MCC called upon to solve batsman’s unheard of dismissal in a cricket match Australia


A rarest of rare dismissal seen during a club cricket match in Australia sparked debates all over the world and forced the Marylebone Cricket Club (MCC) to intervene in order to settle the matter. 

The form of dismissal was so strange that it divided the cricket world, with a section of experts and fans arguing in favour of the on-field umpire’s decision while the other stating a view in complete contrast. 

The bizarre form of dismissal is from a match played in Melbourne’s club cricket scene in May 2017, where Moonee Valley Cricket Club was facing Strathmore Heights. 

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MCC had to intervene as debates over a strange dismissal extended for days.

Representing Moonee Valley Cricket Club was batsman Jatinder Singh. Batting on 11 at the time, Singh was involved in one of the most shocking incidents seen on a cricket field when he got bowled with his middle-stump uprooted but without the two bails at the top falling off. 

Middle-stump uprooted but bails don’t fall off: Out or Not Out? MCC intervenes

Nobody present on the field would’ve believed what had just happened. A picture of the middle-stump uprooted but two bails intact went viral over social media and got the entire cricket world talking about it. 

The debate was about whether it was out or not out? The on-field call from the umpire was out since the middle-stump was uprooted but a very large section argued that the batsman should’ve been not out as the bails on top of the three stumps remained at their place.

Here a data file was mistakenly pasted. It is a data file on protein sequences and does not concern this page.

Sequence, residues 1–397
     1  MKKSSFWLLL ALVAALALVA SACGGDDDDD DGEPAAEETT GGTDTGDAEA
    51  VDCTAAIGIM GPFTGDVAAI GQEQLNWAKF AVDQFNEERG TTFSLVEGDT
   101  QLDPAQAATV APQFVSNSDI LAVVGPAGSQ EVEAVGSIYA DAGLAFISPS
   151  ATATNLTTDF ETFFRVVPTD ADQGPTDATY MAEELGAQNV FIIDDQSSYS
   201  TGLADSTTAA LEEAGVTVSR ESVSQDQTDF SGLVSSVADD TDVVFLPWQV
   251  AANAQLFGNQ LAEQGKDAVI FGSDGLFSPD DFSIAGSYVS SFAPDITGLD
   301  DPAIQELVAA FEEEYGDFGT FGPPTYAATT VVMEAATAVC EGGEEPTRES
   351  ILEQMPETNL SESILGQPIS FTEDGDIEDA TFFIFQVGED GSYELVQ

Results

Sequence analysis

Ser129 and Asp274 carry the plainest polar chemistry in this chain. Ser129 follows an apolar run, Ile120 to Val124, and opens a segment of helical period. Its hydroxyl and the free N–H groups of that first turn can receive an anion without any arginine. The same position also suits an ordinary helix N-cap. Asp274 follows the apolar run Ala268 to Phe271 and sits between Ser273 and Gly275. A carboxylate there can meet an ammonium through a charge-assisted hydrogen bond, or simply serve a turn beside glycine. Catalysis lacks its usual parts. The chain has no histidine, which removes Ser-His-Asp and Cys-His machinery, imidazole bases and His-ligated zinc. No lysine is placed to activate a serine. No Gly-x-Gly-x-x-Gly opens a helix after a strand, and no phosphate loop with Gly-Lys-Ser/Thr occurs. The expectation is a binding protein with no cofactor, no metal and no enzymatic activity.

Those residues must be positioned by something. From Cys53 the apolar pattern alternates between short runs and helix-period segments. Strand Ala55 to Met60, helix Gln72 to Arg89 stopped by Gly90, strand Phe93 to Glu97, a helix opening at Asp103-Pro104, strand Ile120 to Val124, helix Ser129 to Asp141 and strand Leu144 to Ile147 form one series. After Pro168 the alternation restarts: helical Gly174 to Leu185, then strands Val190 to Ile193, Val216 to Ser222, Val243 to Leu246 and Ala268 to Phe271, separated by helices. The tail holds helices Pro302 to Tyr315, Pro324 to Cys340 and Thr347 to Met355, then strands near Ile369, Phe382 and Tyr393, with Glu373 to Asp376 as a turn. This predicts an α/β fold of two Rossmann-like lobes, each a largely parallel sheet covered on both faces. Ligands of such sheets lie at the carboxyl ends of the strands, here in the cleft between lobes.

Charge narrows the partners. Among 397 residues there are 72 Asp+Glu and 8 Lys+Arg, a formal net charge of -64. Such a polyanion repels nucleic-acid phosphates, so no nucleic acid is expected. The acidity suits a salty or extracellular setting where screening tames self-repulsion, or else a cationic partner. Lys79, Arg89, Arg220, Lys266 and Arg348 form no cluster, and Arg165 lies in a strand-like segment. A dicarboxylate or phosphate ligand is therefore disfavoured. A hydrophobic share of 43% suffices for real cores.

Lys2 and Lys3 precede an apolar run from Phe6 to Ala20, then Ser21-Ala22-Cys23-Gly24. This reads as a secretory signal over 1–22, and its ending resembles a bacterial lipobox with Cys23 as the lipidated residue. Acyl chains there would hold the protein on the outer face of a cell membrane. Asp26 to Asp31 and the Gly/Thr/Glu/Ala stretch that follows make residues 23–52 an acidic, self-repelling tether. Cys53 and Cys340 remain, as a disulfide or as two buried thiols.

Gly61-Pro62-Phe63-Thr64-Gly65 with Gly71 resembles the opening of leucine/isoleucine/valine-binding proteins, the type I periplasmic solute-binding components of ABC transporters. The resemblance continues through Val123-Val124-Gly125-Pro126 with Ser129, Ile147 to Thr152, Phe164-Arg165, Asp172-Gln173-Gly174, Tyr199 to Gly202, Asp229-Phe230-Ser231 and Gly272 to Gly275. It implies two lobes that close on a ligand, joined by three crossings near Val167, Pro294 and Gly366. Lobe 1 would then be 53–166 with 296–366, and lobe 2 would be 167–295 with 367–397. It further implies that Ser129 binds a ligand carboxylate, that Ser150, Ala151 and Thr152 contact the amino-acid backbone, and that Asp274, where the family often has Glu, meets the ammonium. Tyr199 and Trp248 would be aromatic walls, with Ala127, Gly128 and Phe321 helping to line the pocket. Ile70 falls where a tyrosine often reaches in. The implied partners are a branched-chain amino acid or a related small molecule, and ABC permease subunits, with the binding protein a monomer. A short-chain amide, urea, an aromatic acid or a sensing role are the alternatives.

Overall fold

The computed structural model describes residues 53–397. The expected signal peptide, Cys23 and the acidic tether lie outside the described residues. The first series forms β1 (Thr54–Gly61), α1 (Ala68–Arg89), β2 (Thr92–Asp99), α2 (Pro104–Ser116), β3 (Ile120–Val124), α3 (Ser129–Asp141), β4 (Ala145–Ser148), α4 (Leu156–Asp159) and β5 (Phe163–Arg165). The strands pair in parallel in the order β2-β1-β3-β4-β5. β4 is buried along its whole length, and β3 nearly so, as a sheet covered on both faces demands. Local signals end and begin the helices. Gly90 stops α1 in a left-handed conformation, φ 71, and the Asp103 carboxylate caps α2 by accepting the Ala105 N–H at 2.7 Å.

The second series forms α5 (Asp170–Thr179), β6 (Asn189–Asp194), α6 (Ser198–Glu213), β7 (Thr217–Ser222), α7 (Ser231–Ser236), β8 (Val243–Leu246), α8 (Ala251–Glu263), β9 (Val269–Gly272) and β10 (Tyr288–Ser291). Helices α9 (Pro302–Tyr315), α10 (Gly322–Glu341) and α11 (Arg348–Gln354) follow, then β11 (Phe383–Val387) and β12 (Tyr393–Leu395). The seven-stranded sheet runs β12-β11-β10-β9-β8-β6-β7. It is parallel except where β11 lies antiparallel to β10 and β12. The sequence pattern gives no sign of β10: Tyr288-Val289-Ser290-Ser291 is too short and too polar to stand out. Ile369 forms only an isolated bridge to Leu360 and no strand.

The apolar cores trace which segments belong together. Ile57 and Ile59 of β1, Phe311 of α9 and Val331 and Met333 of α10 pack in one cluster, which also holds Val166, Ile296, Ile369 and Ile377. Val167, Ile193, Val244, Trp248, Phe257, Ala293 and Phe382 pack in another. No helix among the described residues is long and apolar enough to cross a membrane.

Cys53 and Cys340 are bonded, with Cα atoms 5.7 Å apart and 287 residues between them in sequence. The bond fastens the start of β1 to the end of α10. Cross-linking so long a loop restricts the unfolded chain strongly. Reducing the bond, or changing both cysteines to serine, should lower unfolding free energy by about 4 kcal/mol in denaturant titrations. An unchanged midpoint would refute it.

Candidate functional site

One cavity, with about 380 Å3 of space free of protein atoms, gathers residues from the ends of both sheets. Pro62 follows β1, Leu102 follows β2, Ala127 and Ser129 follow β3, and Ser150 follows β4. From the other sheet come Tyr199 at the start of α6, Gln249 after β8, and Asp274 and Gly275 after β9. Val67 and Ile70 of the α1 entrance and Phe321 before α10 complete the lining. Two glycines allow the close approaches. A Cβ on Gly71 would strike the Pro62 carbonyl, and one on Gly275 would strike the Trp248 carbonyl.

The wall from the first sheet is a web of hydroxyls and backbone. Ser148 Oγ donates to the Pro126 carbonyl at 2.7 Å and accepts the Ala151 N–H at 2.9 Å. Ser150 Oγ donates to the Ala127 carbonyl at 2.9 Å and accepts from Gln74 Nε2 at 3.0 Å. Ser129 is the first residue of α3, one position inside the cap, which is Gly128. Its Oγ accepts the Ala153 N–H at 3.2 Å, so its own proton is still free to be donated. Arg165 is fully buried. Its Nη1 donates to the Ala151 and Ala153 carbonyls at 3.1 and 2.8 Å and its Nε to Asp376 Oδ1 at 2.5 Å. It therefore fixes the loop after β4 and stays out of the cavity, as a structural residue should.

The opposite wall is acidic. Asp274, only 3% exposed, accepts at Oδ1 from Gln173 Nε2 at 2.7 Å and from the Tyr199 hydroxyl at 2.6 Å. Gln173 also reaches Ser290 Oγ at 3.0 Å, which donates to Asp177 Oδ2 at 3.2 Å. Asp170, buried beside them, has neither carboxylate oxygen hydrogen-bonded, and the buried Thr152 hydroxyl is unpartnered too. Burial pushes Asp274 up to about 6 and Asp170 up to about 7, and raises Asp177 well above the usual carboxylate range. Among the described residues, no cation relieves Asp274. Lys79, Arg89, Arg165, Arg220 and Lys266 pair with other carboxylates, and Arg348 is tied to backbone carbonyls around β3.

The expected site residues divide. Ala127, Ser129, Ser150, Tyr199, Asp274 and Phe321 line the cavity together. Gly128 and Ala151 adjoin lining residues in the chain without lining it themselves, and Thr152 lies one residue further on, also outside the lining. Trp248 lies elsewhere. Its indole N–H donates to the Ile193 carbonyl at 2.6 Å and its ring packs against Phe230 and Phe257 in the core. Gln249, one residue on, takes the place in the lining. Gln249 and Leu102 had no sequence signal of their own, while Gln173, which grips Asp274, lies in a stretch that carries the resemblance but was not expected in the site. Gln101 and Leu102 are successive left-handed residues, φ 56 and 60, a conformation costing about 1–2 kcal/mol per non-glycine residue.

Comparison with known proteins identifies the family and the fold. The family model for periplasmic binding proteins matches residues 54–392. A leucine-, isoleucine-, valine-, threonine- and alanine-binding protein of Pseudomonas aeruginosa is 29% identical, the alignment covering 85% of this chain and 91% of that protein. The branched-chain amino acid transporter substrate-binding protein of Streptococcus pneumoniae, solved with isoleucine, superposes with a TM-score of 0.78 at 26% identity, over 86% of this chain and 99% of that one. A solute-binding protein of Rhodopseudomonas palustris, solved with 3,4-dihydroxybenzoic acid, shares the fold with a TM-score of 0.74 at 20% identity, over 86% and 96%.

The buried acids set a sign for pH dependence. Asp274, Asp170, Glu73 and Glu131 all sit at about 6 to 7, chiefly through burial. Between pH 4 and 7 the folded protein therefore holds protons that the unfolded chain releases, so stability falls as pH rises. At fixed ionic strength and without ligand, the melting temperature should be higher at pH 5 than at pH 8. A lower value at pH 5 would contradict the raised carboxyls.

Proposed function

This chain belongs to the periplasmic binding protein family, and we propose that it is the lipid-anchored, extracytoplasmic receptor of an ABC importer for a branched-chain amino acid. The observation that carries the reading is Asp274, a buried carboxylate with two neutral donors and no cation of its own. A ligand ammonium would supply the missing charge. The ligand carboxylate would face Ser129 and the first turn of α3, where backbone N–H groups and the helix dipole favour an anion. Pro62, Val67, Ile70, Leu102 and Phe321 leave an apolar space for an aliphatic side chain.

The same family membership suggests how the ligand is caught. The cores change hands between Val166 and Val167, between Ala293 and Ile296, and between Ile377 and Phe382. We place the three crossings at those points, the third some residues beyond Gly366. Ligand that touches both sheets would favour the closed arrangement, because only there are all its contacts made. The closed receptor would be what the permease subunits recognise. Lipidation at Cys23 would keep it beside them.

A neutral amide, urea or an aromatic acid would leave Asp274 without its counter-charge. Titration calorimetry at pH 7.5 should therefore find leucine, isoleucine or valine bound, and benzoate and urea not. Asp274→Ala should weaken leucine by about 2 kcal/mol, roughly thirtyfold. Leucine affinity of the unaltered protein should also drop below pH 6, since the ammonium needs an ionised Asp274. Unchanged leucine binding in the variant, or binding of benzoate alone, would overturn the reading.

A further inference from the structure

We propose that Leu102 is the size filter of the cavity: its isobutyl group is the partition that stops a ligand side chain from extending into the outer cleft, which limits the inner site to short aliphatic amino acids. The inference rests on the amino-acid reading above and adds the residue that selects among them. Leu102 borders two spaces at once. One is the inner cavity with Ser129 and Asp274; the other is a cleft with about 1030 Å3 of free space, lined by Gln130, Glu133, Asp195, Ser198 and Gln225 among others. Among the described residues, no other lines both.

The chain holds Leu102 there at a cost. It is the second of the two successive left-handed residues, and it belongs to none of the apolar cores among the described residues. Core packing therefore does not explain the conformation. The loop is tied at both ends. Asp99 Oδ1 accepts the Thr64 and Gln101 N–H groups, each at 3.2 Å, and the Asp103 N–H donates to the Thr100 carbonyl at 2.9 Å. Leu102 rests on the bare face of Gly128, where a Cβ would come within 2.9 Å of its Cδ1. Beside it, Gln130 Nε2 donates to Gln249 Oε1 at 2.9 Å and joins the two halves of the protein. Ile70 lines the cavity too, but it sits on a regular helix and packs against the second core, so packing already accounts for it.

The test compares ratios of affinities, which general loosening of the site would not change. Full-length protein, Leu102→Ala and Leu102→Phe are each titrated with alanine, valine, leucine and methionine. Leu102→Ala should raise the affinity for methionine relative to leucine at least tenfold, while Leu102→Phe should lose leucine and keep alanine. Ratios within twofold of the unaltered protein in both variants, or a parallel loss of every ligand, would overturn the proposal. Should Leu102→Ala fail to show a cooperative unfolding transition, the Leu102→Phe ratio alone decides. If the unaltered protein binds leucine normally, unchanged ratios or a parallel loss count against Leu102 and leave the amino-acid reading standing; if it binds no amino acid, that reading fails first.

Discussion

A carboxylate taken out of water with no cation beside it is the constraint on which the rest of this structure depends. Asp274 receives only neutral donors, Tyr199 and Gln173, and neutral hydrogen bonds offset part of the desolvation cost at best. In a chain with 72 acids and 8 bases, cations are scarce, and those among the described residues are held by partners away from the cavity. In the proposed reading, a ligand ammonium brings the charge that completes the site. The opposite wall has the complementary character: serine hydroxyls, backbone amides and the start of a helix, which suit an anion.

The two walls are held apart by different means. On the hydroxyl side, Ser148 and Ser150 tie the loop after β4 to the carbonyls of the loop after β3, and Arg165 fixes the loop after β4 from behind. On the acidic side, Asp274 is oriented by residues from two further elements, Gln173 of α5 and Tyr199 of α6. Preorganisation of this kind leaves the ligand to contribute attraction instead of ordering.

As the debate turned into a heated argument, MCC, the guardians of the cricket laws, tried to settle the matter by pointing to what the ICC adopted law stated in relation to the issue. 

Law 28.1 pertaining to the ‘wicket put down’ states clearly: a) The wicket is put down if a bail is completely removed from the top of the stumps, or a stump is struck out of the ground, (i) By the ball or (ii) By the striker’s bat if he is holding it or by any part of his bat that he is holding. or (iii) Notwithstanding the provisions of the Law 6.8(a), by the striker’s bat in falling if he has let go of it, or by any part of his bat becoming detached, or (iv) By the striker’s person or by any part of his clothing or equipment becoming detached from his person, or (v) By a fielder with his hand or arm, providing that the ball is held in the hands so used, or in the hand of the arm so used.

Now, since the requirement of “a stump is struck of the ground” was fulfilled here, the umpire went ahead with the decision of ‘out’ on the field. 

Fraser Stewart, the MCC laws manager at the time, stated much the same and also said the strange occurrence of the stump being uprooted without the bails falling off may have been caused by the dissimilar size of the sticks involved or through incorrect positioning of the sticks. 

“The problem was caused by the wicket being incorrectly pitched, either by its positioning or the size of the equipment,” he said. “A wicket comprising three stumps and two bails of the correct size (8 5/8 inches or 21.9cm) would mean the situation could not happen.”

“The ends of the bails resting on the middle stump should not be touching. If a mistake in setting up the wicket has been made, the umpires need to apply fairness and common sense to reach the correct decision,” Stewart added. 

A cricket writer by heart and profession. Currently at work for CricXtasy. Previously with Circle of Cricket. You can find him on Twitter @crickashish217